In fact, the Gas Company warns you that you should only turn off the gas supply if it is safe to do so. That strikes me as a limited message -- I mean, how would you really know that it is safe to turn off the gas except that nothing blew up after you did it? They are concerned about the fact that any small spark, even one created by a little bit of static electricity, could set off an explosion if there is a dangerous buildup of gas in an enclosed space.
When you think about it, this is all part of a system that is designed to keep people safe during normal times, but not to overburden the system with needless calls. In the event that there has been that hissing or the smell of a gas leak, the procedure is for the gas company or a qualified plumbing tech to inspect the whole system carefully, including turning off all of your appliances and looking for any gas flow (which would be indicative of a leak). Only after that kind of thorough inspection is it safe to go through the process of turning on your appliances and lighting the pilots one by one.
Now imagine the aftermath of a quake. There may be hundreds of thousands of homes that have not suffered gas leaks, but have nevertheless had the seismic shutoff valve tripped by the shaking. Prudence demands that every one of those homes be checked out for a gas leak by a qualified technician. That's because quakes can cause gas leaks, and you don't know which of the shut-off homes has suffered one until you check them all.
So how well has the system worked in previous quakes? We have Northridge 1994 as our poster child. In the aftermath of that quake, the Gas Company got help from Long Beach and from the PG&E company because the worst damage was geographically limited. There were about 3000 workers out in the field, doing inspections and turning gas supplies back on. As the Gas Company explains, its employees were still turning pilots back on 3 months after the quake.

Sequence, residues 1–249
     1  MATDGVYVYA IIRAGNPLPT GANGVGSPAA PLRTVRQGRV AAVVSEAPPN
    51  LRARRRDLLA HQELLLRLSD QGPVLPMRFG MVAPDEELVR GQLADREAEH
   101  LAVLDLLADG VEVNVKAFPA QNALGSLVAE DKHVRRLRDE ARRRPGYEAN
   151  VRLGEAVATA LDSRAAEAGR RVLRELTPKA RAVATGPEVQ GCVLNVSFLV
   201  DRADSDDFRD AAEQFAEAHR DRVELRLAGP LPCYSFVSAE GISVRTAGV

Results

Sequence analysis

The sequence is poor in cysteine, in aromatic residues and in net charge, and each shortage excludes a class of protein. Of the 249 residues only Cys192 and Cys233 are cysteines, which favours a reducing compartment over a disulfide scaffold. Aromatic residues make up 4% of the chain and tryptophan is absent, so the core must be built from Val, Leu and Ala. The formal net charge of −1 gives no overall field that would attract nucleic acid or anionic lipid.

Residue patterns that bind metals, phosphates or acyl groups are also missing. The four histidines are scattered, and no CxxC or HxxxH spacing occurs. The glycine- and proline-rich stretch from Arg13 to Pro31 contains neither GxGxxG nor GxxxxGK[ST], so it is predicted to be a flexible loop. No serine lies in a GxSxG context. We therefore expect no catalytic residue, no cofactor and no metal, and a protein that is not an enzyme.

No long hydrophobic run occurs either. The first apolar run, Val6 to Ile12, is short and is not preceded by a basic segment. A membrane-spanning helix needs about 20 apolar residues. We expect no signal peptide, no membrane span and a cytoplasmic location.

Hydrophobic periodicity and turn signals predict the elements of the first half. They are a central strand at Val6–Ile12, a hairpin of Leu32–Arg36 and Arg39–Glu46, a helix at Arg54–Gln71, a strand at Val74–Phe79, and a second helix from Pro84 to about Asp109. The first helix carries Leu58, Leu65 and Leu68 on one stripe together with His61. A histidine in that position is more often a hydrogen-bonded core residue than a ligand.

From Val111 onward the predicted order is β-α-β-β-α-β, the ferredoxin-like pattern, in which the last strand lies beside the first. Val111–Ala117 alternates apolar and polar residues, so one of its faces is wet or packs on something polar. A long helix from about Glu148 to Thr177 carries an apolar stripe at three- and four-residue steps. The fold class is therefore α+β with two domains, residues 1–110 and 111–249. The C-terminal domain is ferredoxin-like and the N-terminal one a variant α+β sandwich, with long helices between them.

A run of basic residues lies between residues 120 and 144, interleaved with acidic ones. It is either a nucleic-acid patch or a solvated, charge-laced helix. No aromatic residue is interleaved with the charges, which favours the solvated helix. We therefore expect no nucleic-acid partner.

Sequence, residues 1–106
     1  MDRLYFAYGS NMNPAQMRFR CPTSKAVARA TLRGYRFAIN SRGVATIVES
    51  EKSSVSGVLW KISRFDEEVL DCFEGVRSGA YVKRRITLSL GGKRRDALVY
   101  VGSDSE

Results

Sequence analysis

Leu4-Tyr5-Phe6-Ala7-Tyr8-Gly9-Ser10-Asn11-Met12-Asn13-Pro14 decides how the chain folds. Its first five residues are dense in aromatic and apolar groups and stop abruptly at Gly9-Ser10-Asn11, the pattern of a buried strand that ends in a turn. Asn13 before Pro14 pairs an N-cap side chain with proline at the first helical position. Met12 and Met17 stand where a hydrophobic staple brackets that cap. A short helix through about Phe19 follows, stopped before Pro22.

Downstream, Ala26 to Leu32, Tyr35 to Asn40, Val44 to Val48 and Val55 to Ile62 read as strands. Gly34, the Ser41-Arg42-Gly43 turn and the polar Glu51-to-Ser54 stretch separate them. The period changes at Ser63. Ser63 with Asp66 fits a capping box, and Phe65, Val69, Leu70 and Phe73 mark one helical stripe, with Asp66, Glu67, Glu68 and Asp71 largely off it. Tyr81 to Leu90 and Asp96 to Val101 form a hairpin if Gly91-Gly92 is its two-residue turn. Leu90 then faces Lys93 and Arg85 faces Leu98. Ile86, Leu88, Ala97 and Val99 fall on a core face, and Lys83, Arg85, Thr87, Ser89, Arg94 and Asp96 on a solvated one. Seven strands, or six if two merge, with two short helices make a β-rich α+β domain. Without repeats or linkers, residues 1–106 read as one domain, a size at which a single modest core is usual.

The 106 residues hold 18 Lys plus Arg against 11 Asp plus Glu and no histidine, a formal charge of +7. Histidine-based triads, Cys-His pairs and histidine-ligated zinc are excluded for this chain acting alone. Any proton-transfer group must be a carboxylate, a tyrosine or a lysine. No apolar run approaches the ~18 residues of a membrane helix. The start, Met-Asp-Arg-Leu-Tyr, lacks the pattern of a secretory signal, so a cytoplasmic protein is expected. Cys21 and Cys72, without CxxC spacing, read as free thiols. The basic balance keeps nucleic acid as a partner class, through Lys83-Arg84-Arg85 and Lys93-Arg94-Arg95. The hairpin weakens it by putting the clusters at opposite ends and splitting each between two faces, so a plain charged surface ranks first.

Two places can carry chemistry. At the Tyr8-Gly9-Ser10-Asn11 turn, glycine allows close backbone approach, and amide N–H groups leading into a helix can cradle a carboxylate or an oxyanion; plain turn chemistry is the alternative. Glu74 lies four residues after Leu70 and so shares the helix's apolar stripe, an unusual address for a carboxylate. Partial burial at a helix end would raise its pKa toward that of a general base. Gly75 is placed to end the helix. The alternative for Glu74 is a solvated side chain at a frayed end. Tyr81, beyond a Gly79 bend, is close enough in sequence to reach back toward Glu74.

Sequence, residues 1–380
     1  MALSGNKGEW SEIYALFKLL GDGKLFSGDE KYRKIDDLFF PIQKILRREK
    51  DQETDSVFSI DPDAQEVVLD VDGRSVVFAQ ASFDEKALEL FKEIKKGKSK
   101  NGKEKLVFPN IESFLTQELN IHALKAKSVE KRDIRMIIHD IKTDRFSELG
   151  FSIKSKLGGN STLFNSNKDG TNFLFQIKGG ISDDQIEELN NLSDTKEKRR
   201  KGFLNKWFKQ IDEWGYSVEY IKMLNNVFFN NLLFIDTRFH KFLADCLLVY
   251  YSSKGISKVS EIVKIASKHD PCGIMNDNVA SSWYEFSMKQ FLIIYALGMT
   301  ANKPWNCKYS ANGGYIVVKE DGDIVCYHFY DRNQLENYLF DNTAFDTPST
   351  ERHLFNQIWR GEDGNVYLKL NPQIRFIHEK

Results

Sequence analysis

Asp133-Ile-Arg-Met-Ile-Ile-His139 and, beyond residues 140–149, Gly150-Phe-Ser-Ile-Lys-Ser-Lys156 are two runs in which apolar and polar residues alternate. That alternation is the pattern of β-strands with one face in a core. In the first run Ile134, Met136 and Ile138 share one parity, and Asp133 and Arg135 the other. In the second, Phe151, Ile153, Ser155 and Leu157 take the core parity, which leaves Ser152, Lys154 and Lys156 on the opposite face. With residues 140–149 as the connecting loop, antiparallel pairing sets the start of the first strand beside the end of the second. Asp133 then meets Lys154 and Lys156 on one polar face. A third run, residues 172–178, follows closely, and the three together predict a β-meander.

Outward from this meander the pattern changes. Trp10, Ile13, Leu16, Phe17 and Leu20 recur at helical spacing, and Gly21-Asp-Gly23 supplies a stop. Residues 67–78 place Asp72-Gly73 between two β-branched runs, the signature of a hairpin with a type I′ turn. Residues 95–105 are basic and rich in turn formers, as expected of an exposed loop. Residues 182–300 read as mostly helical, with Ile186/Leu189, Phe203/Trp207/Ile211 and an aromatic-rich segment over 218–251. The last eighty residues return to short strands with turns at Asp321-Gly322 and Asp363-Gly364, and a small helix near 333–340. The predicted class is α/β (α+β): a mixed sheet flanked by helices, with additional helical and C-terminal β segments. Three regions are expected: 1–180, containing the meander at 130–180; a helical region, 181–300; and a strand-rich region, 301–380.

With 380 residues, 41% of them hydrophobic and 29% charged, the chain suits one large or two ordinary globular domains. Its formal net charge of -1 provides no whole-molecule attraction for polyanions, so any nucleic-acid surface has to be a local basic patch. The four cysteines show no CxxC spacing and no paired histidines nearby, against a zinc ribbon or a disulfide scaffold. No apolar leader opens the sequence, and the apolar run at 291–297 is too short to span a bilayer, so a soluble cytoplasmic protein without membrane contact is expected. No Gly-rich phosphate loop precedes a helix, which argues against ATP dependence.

In the event of a really large quake with region-wide damage, Long Beach gas company employees will be preoccupied with their own city, and PG&E employees will have their own districts to worry about. The Southern California Gas Company staff will be left to take care of its own. Perhaps we will eventually get some help from Cleveland or New York, but that by itself will take a week or two to set up. An additional complication is that a few sizable aftershocks could trip the valves again, so the Gas Company probably won't even start the process of checking houses until the likelihood of aftershocks has diminished. That could be a week or more.
The process for checking out one location averages about half an hour. Imagine half a million locations without gas service, which means that something like a quarter of a million hours of technician time will need to be expended to get those places serviced. And that doesn't account for the time that will be expended for those technicians to drive from place to place. Even if every technician can service 10 sites per day and the Gas Company can deliver 1000 such technicians into the field, that means that we are looking at a month to get the gas turned on under optimal conditions.
Of course the aftermath of a large earthquake is, almost by definition, not going to be optimal. There will be other problems such as loss of electric power and road closures, and all of these will interfere with the efficiency of the Gas Company response.
Figure that your stove and furnace will be strangers to you for quite a while the next time we have a substantial earthquake.
This is not to say that all is lost and that you have to move back to Illinois. It just means that there are certain elements of disaster preparedness that make sense to do right now. We will be trying to bring some of that to CityWatch readers over the next few months.
For example I have a portable stove that is designed for use by backpackers but will work anywhere. It uses cartridges of gas that feed the fuel directly to a burner. The cartridges are replaceable, and you can buy them at the usual camping stores. I used this stove on desert camping trips so that I could make myself a cup of coffee in the morning. In the event of a major earthquake, I will be able to offer my neighbors coffee. It may be instant, but at least it will be hot.
(Bob Gelfand writes on politics and culture for CityWatch. He can be reached at firstname.lastname@example.org)
Vol 11 Issue 86
Pub: Oct 25, 2013